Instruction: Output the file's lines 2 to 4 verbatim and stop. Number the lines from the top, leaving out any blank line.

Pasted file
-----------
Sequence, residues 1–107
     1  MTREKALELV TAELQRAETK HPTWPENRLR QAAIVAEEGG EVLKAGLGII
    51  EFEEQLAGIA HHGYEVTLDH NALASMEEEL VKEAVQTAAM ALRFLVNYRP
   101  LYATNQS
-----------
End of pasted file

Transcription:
     1  MTREKALELV TAELQRAETK HPTWPENRLR QAAIVAEEGG EVLKAGLGII
    51  EFEEQLAGIA HHGYEVTLDH NALASMEEEL VKEAVQTAAM ALRFLVNYRP
   101  LYATNQS